I recently watched an original, active start to the lesson by Teacher Toolkit
The anticipatory set, hook or entry card is often a short formative assessment on the previous lesson’s homework assignment. Today my ELLs wrote down the big idea from the reading on scrap paper and proceeded as in the video. The lesson did get off to a flying start with a brain break, laughter, discussion as well as trying to decipher each other’s handwriting.
Our librarians are always on the go. As soon as they finish one event, another one takes its place. This week our library celebrated. Remember Drop Everything And Read? Well, the goal is the same – turn students onto reading. However, the method is different.
Welcome to Library Tech Week.
There were stations and competitions. However, my class decided to learn how to create an app in 4 minutes, play a few moves of chess and create Book Cover Selfies.
Yes, there certainly was a buzz.
Still in theatre mode.
It was Jeff Wilhelm who first introduced me to the idea of students composing tableaux in order to make sense of a text. In his thorough, clear way, Wilhelm takes both student and teacher through the steps for creating a tableau. The Unquiet Librarian reminded me of this activity and also mentioned Assessment Live by Nancy Steineke. This got me excited. In addition, I could use this activity as an alternative assessment. I quickly ordered Steineke’s book which arrived in time because we still haven’t finished The Curious Incident of the Dog in the Night Time by Haddon.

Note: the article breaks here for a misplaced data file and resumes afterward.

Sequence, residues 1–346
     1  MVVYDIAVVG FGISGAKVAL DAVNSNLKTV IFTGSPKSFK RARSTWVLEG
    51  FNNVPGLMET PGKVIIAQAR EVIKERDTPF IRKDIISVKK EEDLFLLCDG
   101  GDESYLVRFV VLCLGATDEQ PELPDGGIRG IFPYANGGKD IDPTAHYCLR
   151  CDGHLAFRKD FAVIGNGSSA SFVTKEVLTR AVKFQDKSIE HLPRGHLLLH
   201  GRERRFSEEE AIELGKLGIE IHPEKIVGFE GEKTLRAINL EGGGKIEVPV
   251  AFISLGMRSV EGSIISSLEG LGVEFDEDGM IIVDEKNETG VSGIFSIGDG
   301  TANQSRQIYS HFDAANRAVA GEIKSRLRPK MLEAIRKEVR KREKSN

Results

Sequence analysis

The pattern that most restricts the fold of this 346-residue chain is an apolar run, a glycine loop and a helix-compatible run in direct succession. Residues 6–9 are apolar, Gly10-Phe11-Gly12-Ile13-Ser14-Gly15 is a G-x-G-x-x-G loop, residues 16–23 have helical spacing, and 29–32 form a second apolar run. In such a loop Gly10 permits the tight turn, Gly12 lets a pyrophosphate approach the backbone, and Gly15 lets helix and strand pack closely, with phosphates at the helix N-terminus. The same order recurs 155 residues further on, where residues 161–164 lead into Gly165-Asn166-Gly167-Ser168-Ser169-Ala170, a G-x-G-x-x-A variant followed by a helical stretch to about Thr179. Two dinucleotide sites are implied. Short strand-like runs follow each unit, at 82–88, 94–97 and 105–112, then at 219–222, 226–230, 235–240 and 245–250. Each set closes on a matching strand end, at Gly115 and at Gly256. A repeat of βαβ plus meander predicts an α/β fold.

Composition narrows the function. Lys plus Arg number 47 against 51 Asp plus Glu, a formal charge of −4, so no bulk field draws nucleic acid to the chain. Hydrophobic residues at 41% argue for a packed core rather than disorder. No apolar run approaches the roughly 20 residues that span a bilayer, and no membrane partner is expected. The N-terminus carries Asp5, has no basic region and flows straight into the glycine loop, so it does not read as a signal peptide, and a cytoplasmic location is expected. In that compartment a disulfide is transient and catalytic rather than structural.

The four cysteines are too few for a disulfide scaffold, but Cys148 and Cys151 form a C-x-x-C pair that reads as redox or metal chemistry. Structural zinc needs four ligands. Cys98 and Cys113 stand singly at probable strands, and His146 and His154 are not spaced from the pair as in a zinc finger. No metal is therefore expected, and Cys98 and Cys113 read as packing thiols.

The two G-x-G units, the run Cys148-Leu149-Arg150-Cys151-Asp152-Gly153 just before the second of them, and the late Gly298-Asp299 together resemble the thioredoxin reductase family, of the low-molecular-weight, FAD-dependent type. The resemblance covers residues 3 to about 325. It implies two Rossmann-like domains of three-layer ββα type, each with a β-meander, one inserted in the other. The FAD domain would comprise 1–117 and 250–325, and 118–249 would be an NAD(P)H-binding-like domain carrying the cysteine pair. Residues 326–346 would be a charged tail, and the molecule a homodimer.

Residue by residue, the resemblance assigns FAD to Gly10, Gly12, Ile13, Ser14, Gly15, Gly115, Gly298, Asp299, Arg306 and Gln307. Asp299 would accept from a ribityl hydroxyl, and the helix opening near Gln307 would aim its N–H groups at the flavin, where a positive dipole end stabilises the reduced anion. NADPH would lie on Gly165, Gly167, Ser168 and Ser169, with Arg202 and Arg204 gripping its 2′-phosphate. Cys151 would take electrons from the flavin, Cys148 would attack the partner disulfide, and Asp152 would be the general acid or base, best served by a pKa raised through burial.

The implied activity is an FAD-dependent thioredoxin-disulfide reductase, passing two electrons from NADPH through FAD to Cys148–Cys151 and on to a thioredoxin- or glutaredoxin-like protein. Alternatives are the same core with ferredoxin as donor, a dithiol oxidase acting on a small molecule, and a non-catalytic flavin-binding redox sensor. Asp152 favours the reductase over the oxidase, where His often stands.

My students created the tableaux as a 2nd Draft Strategy (see my previous posts on Gallagher’s book). Following Steineke’s guidelines, we discussed what makes a good tableau which became our checklist (p.140). The students had the opportunity to practice. Their ‘2nd drafts’ were so much more expressive than their first ones.
One of the criteria for a compelling tableau is that students should gain a deeper insight into the text by paying attention to details through a different point of view. This is exactly what happened. One group chose the scene where Christopher discovers a box of letters his mother had written to him. They visualized the box. However, after watching the tableau, the students saw the box in context – in a wardrobe, on the floor, hidden among hanging clothes.
They were also able to feel the pain and anguish of Christopher and his Mother.
What creative assessments do you use?
The more I read about reading, the more I am convinced that this is THE key to the freedom, creativity, insight, and success of our learners. (I am not adding anything new to the argument).
So, I do not need to justify the short time we spend every Reading Workshop engaged in what Krashen calls SSR – sustained silent reading, reading for PLEASURE.
If only I could turn a reluctant reader into a reader…
So here are the books I have added to our class library.
I will order some more titles once I have got to know the passions of this year’s ELLs.